This is fun but maybe a bit too cute. The tough-guy hero with the ‘snakes, why’d it have to be snakes?’ weakness. This is, in a way, Chabon’s problem. He does a very commendable job, wringing real human character out of his characters, but he just can’t do that much with them, given the genre constraints he has submitted to - because he wants to have fun writing hard-boiled Alaskan Jew dialogue. He wants the hero to wander around for about three days without sleep, getting in trouble with his superiors, knocking on doors he probably shouldn’t and, once or twice, getting hit on the head. Maybe a soft-hearted dame will help him out of a scrape. It’s hardboiled.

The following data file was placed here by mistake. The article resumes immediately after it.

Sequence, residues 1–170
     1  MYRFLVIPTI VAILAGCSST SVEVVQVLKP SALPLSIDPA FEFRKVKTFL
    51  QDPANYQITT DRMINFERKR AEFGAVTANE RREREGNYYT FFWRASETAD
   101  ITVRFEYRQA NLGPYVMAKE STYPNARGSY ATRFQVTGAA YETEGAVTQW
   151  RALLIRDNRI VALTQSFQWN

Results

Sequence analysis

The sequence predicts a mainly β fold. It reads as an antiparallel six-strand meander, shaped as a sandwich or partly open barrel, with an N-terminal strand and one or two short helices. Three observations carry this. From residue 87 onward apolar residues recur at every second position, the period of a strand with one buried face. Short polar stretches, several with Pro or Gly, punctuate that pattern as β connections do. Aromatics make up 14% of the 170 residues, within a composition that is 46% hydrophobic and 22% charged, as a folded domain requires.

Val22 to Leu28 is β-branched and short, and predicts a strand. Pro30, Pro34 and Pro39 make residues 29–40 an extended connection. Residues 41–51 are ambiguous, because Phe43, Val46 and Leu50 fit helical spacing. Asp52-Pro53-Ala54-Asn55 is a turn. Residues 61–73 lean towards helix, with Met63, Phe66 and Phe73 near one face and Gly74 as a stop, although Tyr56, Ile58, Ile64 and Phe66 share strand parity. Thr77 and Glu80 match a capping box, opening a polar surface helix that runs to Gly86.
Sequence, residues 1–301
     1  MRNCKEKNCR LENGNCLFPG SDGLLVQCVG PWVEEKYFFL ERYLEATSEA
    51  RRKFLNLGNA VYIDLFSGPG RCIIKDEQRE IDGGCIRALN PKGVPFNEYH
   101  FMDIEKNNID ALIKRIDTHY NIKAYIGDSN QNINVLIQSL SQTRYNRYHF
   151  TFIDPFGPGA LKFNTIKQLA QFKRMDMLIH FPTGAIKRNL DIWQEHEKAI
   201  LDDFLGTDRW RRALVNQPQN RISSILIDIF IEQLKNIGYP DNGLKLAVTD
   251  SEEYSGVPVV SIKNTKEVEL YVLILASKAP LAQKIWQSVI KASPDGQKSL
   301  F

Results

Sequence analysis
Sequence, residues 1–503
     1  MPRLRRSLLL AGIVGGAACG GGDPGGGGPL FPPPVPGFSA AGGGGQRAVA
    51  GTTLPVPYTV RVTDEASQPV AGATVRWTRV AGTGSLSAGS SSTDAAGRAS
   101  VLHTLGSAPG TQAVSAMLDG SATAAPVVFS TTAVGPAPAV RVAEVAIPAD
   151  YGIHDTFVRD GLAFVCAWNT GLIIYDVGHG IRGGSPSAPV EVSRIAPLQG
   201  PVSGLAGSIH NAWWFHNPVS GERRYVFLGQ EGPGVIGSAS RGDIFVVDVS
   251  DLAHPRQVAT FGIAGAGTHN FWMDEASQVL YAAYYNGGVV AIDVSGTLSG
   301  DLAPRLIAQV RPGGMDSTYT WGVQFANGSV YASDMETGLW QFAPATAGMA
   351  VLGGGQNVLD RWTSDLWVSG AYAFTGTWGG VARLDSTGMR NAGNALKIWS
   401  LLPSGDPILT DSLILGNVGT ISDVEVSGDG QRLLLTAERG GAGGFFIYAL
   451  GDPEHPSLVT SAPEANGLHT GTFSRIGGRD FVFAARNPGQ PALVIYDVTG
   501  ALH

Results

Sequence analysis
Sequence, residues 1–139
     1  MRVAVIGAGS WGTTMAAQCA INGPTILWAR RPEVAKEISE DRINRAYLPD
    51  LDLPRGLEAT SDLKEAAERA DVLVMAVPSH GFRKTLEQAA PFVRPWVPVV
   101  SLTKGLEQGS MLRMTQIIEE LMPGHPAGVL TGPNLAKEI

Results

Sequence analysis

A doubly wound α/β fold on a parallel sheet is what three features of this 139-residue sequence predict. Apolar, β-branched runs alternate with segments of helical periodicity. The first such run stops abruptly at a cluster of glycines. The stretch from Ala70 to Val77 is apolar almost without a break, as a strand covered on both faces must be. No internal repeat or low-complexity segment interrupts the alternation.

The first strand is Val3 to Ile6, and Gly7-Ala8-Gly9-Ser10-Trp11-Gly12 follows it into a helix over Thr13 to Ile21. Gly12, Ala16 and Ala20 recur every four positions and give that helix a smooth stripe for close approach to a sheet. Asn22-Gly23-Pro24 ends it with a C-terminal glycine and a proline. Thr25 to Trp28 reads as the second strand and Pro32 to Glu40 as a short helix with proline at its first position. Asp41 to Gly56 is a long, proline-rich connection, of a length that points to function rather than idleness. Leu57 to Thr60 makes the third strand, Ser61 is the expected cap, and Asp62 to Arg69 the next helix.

He turns, and Brennan’s there, that large-headed man, hatless and coatless, necktie blown over his shoulder, a penny in his left loafer, bankrupt in the right. Patches on the elbows of his tweed jacket, its color a practical shade of gravy stain. His cheek could use a shave and his pate a fresh coat of wax. Maybe things didn’t go so well for Dennis Brennan out in the big time.
“Look at the head on the sheygets, the thing has its own atmosphere,” Landsman says. “Thing has ice caps.”
“Indeed the man has a very big head.”
“Every time I see it, I feel sorry for necks.”
“Maybe I should get my hands around his. Give it some support.”
Brennan puts up his larval white fingers and blinks his little eyes, the color of skimmed milk. He works up a practiced rueful smile, but Landsman notes that he kept a good four feet of Ben Maymon Street between him and Berko.